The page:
Run for Something Beasts

Young Folks Use Outrage As Fuel to Run for Office

With tech and a growing frustration for the status quo on their side, the youth are united and poised to take over.

Millennials are set to take state and local office positions in record numbers in the coming election cycles. This is a generation that continually proves they’re not messing around. Many are saying the influx of young and new political candidates will spur a ‘wave election’ in 2018, meaning city and local politics will suddenly be inundated with people from more diverse backgrounds carrying fresh perspectives. This could have lasting (we’re talking decades plus) positive change.

Millennials are a digitally-native generation that knows how to use tech. Crowdfunding and Facebook Live are frequent in their political campaigns.

“Young people are running to solve particular problems in their community. They got mad about an injustice they saw, and see municipal positions are the ways to solve the problem,” co-founder of Run for Something, Ross Morales Rocketto, told Curbed.

Run for Something is a new political action committee helping folks under the age of 35 take office. They find candidates, connect them to training organizations, and provide a few with money and staff members. They’re outwardly dedicated to giving women, LGBTQ, and POC people opportunities in political races. The PAC looks for charismatic folks with unusual backgrounds and experiences, and who have progressive values and a good grasp on what their community needs.


Danica Roem
Danica Roem. Photo: CNN


Many Millennial candidates are disenchanted with the current political system and are trying a new technique—talking about the issues rather than their opponents.

Run for Something backed Danica Roem, a 33 year-old Virginian who used a direct, no-bullshit approach to her campaign. Roem, the first transgender woman elected to the State House in Virginia, won by talking about what needed fixing: roads.

With federal and state-level governments often stuck in gridlock, city and local politics actually have a big impact. They are places where politicians experiment with new ideas that can eventually grow.

For example, Michael Tubbs—the 27-year-old mayor of Stockton, California—is piloting universal income on a sample population in his city. The pilot is backed by Facebook. Stockton is located near Silicon Valley, the mecca of tech, and universal income is seen as a remedy for the possible increase in inequality due to automation.

Stay tuned, because the wave is fast approaching and it seems like there isn’t much that will stop it.


Mayor Tubbs
Photo: Courtesy of Mayor Tubbs


Feature Photo: Run for Something


John Legend’s Unlocked Futures Takes Aim at America’s Recidivism Problem

America has the highest incarceration rate per capita in the world. John Legend and friends are working to reverse this staggering statistic.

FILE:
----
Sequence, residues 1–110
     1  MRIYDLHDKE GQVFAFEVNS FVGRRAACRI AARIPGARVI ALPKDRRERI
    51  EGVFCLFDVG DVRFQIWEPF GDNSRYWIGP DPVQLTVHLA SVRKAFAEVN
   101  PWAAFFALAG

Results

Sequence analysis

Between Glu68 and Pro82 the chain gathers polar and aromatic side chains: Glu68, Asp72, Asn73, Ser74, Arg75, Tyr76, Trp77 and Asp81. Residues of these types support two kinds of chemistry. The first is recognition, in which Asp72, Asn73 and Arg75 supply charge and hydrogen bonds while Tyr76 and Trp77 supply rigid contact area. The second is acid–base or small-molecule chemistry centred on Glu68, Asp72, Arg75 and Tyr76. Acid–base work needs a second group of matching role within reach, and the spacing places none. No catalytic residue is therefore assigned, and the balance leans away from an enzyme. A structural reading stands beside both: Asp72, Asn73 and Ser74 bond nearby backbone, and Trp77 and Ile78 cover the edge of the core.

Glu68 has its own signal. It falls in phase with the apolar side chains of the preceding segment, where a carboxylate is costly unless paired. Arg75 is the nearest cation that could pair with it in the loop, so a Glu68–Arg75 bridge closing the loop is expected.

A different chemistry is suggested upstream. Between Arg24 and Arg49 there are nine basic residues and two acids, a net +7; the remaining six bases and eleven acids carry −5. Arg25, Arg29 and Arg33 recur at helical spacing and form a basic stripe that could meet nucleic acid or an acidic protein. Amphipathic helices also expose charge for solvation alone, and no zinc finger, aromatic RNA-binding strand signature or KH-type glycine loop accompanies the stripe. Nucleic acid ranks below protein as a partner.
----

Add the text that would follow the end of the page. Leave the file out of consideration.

John Legend – the silky-voiced pop star who turns all the heads – is a social justice ninja working hard to reduce recidivism. First, through his non-profit FREEAMERICA, and now with an accelerator program called Unlocked Futures, Legend tackles prison reform with the deep belief that some simple changes can make a monumentally positive impact.

Studies show that the lack of resources available for folks after they get out of prison is likely what leads them back in. Finding a support network and landing a job soon after release will statistically make a formerly incarcerated person much less likely to return to prison.

“Too often are formerly incarcerated individuals locked out of job opportunities because of their past,” Legend stated last spring on New Profit. “I have seen that entrepreneurship is a viable way for formerly incarcerated individuals to build sustainable livelihoods and contribute to their communities and neighborhoods.”

Through a large grant from Bank of America and mentorship from New Profit, Unlocked Futures gives funding and coaching support to formerly incarcerated individuals who are pushing mission-driven organizations and companies.


John Legend with Unlocked Ventures entrepreneurs. Photo: better tarrant


Will Avila, founder of Clean Decisions. Photo: Unlocked Futures.


A few organizations from the accelerator’s first round include an app called Flikshop that makes it easy to send photo postcards to inmates,  Hope House – housing for formerly incarcerated women getting back on their feet – and Clean Decisions, a commercial kitchen cleaning company that employs all formerly incarcerated folks. Will Avila, Clean Decisions founder, says initiatives like Unlocked Futures are what is needed to break the cycle.

“Entrepreneurship is a powerful cycle because almost every returning citizen I know is crafting a business that helps others who have served time,” Avila told Nationswell.

With the success of Unlocked Futures, we get a glimpse of how different a nation built around support networks and second chances can look. It’s innovative, it would save us a lot of money (our prisons cost taxpayers $80 billion a year), it would make a lot of families happily whole again.

Go here to read up on Unlocked Venture’s first round of kickass entrepreneurs.


Feature photo, left to right:  James Monteiro, Topeka K. Sam, Jason Cleaveland, Marcus Bullock, Dirk Van Velzen, Amanda Alexander, Will Avila, and Teresa Hodge (Photo: Unlocked Futures)

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